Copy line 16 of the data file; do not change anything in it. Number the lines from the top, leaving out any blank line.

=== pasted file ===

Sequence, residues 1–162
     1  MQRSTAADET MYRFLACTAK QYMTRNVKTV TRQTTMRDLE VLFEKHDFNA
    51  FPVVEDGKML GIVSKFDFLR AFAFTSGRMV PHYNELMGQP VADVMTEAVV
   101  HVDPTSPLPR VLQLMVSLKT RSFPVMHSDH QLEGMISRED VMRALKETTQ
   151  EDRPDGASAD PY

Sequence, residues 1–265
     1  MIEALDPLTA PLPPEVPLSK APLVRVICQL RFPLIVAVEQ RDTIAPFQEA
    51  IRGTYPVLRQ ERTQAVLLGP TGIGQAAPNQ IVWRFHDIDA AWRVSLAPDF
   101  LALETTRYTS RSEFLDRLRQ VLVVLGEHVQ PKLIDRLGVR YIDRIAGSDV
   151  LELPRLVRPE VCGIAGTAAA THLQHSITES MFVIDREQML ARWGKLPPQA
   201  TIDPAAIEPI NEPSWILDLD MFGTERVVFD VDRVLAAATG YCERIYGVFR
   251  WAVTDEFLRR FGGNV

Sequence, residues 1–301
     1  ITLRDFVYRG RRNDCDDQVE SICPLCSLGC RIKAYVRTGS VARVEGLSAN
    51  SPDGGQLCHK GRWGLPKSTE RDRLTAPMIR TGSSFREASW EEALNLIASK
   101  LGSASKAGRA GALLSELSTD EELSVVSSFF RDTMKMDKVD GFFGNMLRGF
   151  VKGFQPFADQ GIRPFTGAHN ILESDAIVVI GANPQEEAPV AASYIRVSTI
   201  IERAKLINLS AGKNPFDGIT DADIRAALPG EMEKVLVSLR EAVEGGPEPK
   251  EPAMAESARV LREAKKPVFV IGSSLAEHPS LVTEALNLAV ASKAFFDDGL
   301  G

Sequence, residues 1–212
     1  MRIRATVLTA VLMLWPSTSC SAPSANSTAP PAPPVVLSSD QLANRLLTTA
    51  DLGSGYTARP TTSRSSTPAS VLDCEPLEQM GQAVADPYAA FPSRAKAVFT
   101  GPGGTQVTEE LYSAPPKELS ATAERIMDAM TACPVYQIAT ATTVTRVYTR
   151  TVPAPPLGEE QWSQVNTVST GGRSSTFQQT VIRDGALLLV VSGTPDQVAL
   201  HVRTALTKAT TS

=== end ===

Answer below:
   101  LGSASKAGRA GALLSELSTD EELSVVSSFF RDTMKMDKVD GFFGNMLRGF